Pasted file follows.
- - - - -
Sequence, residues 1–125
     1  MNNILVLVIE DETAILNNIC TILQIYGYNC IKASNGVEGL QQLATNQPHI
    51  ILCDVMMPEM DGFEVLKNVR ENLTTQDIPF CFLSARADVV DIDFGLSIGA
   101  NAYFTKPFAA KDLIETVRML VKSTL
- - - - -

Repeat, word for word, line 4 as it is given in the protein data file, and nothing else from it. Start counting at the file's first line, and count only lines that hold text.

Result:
   101  NAYFTKPFAA KDLIETVRML VKSTL